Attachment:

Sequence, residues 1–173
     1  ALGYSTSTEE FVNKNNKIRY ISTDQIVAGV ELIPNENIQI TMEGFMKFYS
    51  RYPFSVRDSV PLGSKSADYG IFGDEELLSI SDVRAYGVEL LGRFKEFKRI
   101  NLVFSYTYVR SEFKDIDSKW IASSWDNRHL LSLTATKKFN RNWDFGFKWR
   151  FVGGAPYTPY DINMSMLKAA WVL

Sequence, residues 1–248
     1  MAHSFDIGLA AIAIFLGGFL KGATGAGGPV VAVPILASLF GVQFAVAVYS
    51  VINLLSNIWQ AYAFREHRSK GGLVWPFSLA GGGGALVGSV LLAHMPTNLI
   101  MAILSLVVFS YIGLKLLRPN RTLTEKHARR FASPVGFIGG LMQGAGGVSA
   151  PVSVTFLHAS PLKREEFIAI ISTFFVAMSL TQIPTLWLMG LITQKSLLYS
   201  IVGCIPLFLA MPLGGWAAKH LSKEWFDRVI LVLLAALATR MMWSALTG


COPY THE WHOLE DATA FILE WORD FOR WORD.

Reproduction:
Sequence, residues 1–173
     1  ALGYSTSTEE FVNKNNKIRY ISTDQIVAGV ELIPNENIQI TMEGFMKFYS
    51  RYPFSVRDSV PLGSKSADYG IFGDEELLSI SDVRAYGVEL LGRFKEFKRI
   101  NLVFSYTYVR SEFKDIDSKW IASSWDNRHL LSLTATKKFN RNWDFGFKWR
   151  FVGGAPYTPY DINMSMLKAA WVL

Sequence, residues 1–248
     1  MAHSFDIGLA AIAIFLGGFL KGATGAGGPV VAVPILASLF GVQFAVAVYS
    51  VINLLSNIWQ AYAFREHRSK GGLVWPFSLA GGGGALVGSV LLAHMPTNLI
   101  MAILSLVVFS YIGLKLLRPN RTLTEKHARR FASPVGFIGG LMQGAGGVSA
   151  PVSVTFLHAS PLKREEFIAI ISTFFVAMSL TQIPTLWLMG LITQKSLLYS
   201  IVGCIPLFLA MPLGGWAAKH LSKEWFDRVI LVLLAALATR MMWSALTG